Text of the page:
Students will no longer need to take an Advanced Placement test to get a higher grade for taking an AP class in San Diego Unified, after the school board voted narrowly to change its policy on Tuesday night. Instead, teens will get a higher grade simply for taking the class, which means that a B in an Advanced Placement class will count like an A in an ordinary class on their report cards.

Because schools will no longer pay for all students to take the test — a decision the school board made earlier this year to save nearly $700,000 in a budget crunch — school district staff said it would be legally dicey to keep requiring teens to take the test for a higher grade. (Read up more about the issue here.) But the debate proved sticky for the school board.

Board member Katherine Nakamura argued that the school district should keep paying for the exams, reversing its earlier decision so that no students would be dissuaded from taking the test, and keep giving students a grade boost for taking the tests. While students from poorer families can pay a reduced price for the test, having to pay could still turn some students away, Nakamura argued.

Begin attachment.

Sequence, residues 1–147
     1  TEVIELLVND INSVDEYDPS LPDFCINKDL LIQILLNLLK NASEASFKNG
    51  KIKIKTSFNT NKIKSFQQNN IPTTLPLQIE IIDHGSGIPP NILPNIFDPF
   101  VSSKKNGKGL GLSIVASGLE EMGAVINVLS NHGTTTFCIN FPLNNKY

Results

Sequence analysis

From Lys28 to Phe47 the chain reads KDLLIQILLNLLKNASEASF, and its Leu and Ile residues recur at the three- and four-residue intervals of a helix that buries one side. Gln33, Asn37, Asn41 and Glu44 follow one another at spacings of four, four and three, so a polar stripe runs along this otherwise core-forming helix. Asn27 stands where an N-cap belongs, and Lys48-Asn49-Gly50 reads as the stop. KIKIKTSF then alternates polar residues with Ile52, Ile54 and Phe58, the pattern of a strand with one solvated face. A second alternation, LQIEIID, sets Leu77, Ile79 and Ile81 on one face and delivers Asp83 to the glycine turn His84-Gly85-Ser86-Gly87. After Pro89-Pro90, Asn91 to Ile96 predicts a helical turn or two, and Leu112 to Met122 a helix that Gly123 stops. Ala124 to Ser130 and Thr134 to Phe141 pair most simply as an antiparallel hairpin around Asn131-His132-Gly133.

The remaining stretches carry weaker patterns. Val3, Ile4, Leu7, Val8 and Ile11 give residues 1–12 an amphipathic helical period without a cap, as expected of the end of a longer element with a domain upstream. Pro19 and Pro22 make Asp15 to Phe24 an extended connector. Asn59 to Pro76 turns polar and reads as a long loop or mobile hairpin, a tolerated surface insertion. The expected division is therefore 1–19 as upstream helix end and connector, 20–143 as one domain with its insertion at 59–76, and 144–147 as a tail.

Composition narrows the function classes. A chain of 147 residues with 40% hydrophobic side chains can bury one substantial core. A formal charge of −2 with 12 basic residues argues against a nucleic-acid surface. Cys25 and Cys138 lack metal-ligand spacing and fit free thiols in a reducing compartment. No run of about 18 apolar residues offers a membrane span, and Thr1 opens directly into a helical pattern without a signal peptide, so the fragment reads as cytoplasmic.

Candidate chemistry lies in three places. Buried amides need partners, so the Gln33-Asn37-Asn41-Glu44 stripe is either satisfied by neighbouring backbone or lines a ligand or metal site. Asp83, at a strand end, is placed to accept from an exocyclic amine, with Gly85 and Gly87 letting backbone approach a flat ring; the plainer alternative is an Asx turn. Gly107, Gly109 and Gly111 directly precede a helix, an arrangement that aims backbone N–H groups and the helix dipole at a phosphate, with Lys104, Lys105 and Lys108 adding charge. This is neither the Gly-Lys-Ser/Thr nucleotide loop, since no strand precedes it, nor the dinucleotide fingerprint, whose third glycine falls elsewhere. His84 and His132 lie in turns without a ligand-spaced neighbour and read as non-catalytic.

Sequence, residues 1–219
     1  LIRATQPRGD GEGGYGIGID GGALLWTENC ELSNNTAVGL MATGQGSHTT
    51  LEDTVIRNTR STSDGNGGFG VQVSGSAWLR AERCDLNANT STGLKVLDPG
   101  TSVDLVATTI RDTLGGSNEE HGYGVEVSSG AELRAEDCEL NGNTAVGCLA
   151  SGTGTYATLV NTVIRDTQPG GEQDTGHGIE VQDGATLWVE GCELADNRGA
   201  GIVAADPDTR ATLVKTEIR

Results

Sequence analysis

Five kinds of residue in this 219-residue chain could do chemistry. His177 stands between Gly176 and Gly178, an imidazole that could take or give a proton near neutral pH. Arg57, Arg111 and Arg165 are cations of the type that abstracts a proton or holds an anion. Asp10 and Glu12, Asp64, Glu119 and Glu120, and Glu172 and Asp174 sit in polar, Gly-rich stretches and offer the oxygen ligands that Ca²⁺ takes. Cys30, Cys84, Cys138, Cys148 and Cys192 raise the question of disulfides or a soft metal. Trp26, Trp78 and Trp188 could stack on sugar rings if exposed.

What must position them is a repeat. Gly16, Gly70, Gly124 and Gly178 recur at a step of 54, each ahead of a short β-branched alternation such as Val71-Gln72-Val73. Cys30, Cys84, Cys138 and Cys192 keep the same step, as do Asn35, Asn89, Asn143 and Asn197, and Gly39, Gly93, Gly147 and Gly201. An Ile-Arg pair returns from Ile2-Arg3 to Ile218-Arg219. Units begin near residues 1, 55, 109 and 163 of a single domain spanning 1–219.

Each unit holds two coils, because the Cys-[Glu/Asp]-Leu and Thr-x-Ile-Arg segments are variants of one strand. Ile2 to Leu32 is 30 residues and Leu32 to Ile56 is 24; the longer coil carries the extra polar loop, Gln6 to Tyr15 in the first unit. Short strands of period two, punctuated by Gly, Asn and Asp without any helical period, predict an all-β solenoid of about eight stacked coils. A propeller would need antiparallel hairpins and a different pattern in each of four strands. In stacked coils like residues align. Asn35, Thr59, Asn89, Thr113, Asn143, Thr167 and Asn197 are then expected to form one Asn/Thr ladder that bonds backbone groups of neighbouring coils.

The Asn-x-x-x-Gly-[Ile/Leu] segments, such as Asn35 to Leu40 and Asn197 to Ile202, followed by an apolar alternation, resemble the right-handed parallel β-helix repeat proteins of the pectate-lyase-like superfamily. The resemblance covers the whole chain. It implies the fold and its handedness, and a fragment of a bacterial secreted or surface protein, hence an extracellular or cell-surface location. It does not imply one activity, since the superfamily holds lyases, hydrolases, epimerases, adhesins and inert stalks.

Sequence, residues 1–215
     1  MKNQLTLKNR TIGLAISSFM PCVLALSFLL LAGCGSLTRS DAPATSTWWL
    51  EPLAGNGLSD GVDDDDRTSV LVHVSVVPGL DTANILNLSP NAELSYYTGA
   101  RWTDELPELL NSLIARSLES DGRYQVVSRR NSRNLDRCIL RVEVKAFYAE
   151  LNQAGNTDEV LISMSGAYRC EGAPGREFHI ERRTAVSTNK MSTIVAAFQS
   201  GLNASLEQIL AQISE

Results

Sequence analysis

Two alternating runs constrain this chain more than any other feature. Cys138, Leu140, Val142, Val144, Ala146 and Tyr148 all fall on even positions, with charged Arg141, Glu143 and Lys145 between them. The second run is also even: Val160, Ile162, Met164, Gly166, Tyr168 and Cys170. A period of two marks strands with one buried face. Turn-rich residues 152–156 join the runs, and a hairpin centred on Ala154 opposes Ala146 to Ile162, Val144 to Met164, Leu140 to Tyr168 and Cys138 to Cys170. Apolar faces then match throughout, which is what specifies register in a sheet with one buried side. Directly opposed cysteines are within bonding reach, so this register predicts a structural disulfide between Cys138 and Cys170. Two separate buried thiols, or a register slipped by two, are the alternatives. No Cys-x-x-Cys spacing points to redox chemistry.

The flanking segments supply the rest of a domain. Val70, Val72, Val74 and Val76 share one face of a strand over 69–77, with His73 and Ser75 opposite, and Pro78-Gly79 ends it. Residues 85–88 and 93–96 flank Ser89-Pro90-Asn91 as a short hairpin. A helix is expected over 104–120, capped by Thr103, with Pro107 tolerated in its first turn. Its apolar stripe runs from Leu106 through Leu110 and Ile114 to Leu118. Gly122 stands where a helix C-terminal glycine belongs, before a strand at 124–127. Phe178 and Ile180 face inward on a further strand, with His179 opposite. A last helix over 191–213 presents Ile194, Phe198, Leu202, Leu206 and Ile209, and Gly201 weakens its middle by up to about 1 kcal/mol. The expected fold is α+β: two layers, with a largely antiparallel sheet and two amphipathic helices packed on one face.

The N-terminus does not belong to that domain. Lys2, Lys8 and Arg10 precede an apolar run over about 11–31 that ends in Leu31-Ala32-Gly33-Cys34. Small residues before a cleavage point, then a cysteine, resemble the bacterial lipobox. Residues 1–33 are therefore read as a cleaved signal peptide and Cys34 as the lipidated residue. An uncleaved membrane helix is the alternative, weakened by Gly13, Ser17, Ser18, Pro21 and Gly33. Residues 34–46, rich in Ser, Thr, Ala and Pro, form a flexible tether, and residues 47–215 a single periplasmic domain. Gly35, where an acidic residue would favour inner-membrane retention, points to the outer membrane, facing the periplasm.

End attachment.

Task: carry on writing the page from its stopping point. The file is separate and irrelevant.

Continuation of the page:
The idea behind requiring the exam was to ensure that all AP classes meet the same high standard, since students have to be ready for the exam. Katie Anderson, a parent who leads a school district committee on gifted education and AP classes, said it would ensure “academic integrity.”

“Dig deep and find the money and pay for this,” Nakamura argued. “It is more important than ever.”

But fellow board member John Lee Evans said that wasn’t a realistic option because the school board would need to find something else to cut if it wanted to keep paying for the exams. Board member John de Beck, in turn, argued that the school district should stop giving more credit for AP classes completely, since colleges could judge student transcripts for themselves.

And board member Shelia Jackson initially pushed to keep requiring students to take the exam — but to keep requiring them to pay for it, too. The school board deadlocked on the question until Jackson changed her mind and voted with Evans and board President Richard Barrera to stop requiring the tests for a higher grade.

“I don’t believe that not requiring the AP test means that it’s not going to be a rigorous class,” Barrera said.


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